Mommy Material

About a month ago a pair of my Cuckoo Maran hens went broody.

Some broody hens just stay out of the way, are relatively docile, and are over it all in a few days.

Some broody hens are persistent. They just won’t give up – no matter what – unless they get babies.

Occasionally, I’ll have a broody who is not just not nice – but who is downright mean.

This particular pair of Cuckoo Maran hens that went broody last month are of the persistent AND mean variety.

I tried kicking them off of the nest.

I tried keeping them outside of the fenced run so they couldn’t get back in to the coop and the nests they were so committed to.

I pretty much tried it all.

But to no avail.

What’s worse – these two particular girls have a propensity to take eggs that the other girls are laying and somehow transport them from one nest box to the other to collect a nice sized clutch of eggs.

There was – of course – more than one broken egg in the process!

About two weeks into this persistent broody behavior I decided maybe I should look for some fertile eggs to let them hatch. The problem being – I usually only put one broody in the broody mama section of the coop at a time – and these two were determined to be broody together. What a pain! So I started reading up – and what do you know – sometimes that will work out, so I was willing to consider giving it a whirl.

I just couldn’t decide what breed of egg to find.

And then when I decided – I couldn’t find fertile of that breed!

Recently I talked to a couple of chicken owners who had had success with switching out non-fertile eggs from under a persistently broody hen with store-bought day-old chicks – effectively tricking the broody hen into believing she’d just hatched out a clutch of eggs.

We tried this once before.

It didn’t work well.

But after more research, we decided we know better how to pursue this and that conditions were right. We were gonna give it a whirl.

So yesterday we moved our two broody hens into the broody mama section of the coop, gave them each a nest with 5 eggs on it, and left them to settle in.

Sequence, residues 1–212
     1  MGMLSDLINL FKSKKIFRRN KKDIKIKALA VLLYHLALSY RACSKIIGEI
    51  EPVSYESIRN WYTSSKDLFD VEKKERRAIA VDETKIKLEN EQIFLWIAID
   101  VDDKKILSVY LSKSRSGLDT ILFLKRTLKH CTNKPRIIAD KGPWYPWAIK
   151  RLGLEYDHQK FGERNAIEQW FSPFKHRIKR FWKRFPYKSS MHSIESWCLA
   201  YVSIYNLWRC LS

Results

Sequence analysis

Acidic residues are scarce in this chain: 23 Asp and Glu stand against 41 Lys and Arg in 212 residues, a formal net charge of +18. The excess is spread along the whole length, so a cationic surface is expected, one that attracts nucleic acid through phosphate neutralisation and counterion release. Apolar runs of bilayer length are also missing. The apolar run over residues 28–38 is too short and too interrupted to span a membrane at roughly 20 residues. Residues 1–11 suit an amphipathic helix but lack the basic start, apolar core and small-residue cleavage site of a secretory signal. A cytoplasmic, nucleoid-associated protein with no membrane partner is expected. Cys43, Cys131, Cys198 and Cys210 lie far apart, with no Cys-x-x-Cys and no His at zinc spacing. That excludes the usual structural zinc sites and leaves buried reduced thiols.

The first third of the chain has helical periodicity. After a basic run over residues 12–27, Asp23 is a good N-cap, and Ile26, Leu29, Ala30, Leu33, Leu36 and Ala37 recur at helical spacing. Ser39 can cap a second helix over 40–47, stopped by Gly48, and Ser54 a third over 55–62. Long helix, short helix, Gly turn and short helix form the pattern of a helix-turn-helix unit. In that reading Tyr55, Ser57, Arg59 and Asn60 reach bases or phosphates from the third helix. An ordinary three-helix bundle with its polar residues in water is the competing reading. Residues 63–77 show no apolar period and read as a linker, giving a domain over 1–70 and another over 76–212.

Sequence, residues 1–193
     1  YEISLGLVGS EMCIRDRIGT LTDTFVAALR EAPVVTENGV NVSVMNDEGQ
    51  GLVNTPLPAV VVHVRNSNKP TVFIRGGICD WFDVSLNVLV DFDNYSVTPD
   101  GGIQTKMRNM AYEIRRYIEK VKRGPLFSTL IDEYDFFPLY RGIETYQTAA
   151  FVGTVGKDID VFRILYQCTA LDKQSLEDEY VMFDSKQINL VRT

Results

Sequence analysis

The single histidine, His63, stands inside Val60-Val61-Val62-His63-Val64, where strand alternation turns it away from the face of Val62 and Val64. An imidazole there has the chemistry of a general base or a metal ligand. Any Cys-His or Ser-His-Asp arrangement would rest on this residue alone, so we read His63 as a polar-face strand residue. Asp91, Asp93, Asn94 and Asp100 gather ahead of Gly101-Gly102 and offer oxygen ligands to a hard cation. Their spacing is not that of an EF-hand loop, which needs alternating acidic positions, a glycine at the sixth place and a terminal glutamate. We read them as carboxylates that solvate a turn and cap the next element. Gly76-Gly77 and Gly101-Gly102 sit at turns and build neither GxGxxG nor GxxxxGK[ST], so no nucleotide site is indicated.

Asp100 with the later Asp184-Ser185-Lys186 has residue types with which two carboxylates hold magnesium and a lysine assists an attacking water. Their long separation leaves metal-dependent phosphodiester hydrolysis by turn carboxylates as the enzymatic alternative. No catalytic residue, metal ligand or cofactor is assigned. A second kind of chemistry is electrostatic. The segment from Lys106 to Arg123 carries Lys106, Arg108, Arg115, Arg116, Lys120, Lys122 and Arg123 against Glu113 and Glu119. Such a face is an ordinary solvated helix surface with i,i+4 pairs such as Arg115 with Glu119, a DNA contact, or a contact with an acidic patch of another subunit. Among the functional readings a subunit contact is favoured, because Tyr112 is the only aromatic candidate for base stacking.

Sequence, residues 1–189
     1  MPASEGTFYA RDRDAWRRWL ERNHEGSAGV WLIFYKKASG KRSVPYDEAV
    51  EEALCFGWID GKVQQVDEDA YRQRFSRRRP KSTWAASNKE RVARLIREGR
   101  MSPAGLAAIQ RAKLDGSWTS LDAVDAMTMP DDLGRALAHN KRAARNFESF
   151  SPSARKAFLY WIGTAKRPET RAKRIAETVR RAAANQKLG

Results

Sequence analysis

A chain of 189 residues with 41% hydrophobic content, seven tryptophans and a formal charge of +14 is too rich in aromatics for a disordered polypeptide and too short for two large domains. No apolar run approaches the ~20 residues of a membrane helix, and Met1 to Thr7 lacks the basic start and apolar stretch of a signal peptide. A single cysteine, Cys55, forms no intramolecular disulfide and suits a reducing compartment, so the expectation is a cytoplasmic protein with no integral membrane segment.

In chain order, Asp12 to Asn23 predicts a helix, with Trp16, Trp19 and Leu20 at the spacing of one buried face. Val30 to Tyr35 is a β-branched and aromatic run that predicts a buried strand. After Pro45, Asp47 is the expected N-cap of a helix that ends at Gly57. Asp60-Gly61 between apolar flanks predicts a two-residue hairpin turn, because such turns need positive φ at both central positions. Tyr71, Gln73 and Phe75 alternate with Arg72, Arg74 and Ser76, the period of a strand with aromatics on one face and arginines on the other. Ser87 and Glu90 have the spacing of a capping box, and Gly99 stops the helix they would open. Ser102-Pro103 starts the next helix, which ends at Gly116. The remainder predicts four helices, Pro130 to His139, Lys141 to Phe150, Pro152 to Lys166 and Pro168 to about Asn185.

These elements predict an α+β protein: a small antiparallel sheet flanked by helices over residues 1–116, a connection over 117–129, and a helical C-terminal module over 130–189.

We also picked up a dozen day-ish old chicks from Burns Feed. My goal in breed this time? The youngest chicks I could find.

Fran, the amazing chicken lady at Burns Feed recommended the Light Brahmas and the Blue Laced Red Wyandottes – they were both the youngest good layers she had on hand.

As it turned out, there were 11 of the Light Brahmas, and I couldn’t bring myself to just leave a few of them behind, so I got them all and added in one of the BLR Wyandotte – I’m gonna call her Lucy because she’s going to have a red head.

So – late last night – after it was good and dark, after all of the girls had settled in for the night, John, Jessica, and I and the box full of chicks made our way out to the coop.

I started by reaching under the more settled of the two hens (Bertha) and replacing one egg for one chick – she seemed perfectly fine with it. Then I tried the same for the other hen (Mable) – she wasn’t so sure about this!

By the time I got to the 3rd chick for Mable it became clear that Mable was NOT mommy material. We grabbed her up and sent her packing to the other part of the coop!

So – wow – that meant Bertha would have to mother TWELVE chicks. I wondered if she could even FIT 12 chicks underneath her! But I managed to trade out all of the eggs under her (she’d stolen some of Mabels) and replaced them all with chicks – and then added the balance.

All we could do was leave them for the night and check first thing in the morning to see if Bertha was mommy material or not.

John set the alarm for 5:30 am this morning.

Success!

Bertha is MAJOR mommy material!

Can you believe she’s got ELEVEN chicks under her with just this one out checking things out?

I’m so impressed!

She’s not even phased by the fact that she’s the mother to an even dozen!

Woo Hoo!

Now – all I gotta do is sell the Anconas…. Anyone want 3 laying hens?

More chick shots as I’m able.

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Stinking Hawk!

Can you see it there in the mist?

This hawk has taken to hanging out quite near to the girls.

It seems fairly young.

Rather lithe.

It’s definitely bold.

It will swoop right down into the chicken run – with me standing just feet away!

I wish I could get a picture of it in action like that! But I’d have to actually look out the window before walking out the door – hands full of egg basket, table scraps for the girls, etc. – and be prepared with camera ready at the go.

Makes me thankful for the crows that hang out – they take great delight in harassing this hawk! Go crows!